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This Floating Bike Path In The Thames Would Give London Cyclists A Car-Free Commute

30 minutes to travel across London? Did we mention we also have a bridge to sell you?

This Floating Bike Path In The Thames Would Give London Cyclists A Car-Free Commute
[Images: via River Cycleway Consortium]

As London tries to squeeze more separated bike lanes on overcrowded streets, one group of designers wants to take a different approach: Why not add a bike lane to the water, giving cyclists a car-free commute up and down the river?

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The proposed Thames Deckway Project would float in the Thames River for about seven miles, from residential neighborhoods to one of the city’s financial districts, letting cyclists completely avoid traffic.

“It’s a 30-minute ride across London from beginning to end,” says architect David Nixon, cofounder (with Anna Hill) of the River Cycleway Consortium, the organization that hopes to build the new bike path. “You can’t even do that on the underground system in London, let alone on any of the roads.”


While the city’s growing network of “cycle superhighways” has helped get many more cyclists on the road, most of the lanes right now are mixed with traffic, adding to conflict between cars and people on bikes.

“It’s like a kind of battleground now. We need to find new ways to solve this problem,” Nixon says.

The city is already planning two new separated bike lanes that will run across the city, including one on the river’s north side. The floating bike path, on the south side of the river, would provide one more option for cyclists to ride without worrying about cars.

Building on the water is one way to help maximize the city’s limited space, the designers say. “There’s hardly any use of the River Thames from a transportation standpoint today,” explains Nixon. “It’s a huge underused resource.”

The floating path would have four lanes, with two in each direction, and the type of use would change throughout the day. During rush hour, all lanes would be devoted to fast-moving cyclists, but at other times, one lane in each direction would go to pedestrians. On weekends, the path might have a pedestrian-only day, and allow market stalls along the edges.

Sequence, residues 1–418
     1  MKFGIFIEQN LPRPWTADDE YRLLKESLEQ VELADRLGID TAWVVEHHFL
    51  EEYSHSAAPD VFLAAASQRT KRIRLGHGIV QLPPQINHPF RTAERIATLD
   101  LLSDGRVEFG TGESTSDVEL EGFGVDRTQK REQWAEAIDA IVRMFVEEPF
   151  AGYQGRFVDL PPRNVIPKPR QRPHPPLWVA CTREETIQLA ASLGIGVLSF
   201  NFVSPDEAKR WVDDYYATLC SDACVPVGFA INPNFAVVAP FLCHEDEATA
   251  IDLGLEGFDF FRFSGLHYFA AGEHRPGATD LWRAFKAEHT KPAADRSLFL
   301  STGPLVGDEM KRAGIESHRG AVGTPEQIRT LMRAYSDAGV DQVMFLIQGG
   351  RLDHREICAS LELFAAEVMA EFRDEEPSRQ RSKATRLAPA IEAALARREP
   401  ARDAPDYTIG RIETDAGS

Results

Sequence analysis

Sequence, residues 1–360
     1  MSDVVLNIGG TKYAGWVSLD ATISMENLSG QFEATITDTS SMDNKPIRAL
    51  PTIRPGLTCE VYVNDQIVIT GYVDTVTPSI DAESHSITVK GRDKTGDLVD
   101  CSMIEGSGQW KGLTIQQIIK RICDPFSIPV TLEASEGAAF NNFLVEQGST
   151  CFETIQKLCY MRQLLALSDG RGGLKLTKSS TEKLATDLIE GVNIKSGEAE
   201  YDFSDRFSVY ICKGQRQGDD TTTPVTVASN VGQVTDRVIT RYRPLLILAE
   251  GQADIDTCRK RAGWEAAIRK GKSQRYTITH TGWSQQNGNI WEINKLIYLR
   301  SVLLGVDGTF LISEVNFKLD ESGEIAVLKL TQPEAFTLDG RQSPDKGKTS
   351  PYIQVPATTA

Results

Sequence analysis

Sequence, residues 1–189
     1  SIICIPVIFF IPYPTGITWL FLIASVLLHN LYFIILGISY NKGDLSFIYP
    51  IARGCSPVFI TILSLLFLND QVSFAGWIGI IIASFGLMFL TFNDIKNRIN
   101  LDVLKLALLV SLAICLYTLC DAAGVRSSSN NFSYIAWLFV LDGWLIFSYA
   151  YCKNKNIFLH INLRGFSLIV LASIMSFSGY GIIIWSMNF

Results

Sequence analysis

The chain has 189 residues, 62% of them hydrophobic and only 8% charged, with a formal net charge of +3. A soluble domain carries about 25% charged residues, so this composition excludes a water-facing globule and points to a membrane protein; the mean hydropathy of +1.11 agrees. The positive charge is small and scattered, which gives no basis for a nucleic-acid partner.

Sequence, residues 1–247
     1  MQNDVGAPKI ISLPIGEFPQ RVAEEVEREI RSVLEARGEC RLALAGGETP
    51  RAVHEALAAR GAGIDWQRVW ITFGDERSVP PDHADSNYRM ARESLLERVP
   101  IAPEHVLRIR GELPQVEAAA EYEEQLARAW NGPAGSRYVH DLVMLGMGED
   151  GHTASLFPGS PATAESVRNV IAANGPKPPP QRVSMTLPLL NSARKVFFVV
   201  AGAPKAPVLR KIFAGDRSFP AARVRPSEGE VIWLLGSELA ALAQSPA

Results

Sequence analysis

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The design also includes bonuses like ice cream stands along the path and unique energy-harvesting devices to power lighting. Each mushroom-shaped device generates power in three ways: It’s covered with solar panels, but it’s also shaped to suck wind into a small turbine, and it reaches into the water to harvest power from the river’s tides.

All of this would not be cheap to build. The designers estimate the cost at around $964 million–not something the city government can afford. So unless the designers find a wealthy philanthropist to foot the bill, they say the idea would be to charge a small fee for cyclists and pedestrians who want to use the path. Ultimately, they believe the fee could quickly pay back investors in the project, based on the number of people who already ride in the area.

Some cycling advocates may argue that it’s better to build more separated lanes on streets. But there’s no reason that both can’t happen, and as the city’s population balloons by another two million people in the next 15 years, roads alone might not be enough. And maybe–like other separated bike paths–the new floating path could help encourage non-riders to get on a bike.

If the project can find funding, the designers believe it could be built in as little as two years.

About the author

Adele Peters is a staff writer at Fast Company who focuses on solutions to some of the world's largest problems, from climate change to homelessness. Previously, she worked with GOOD, BioLite, and the Sustainable Products and Solutions program at UC Berkeley.

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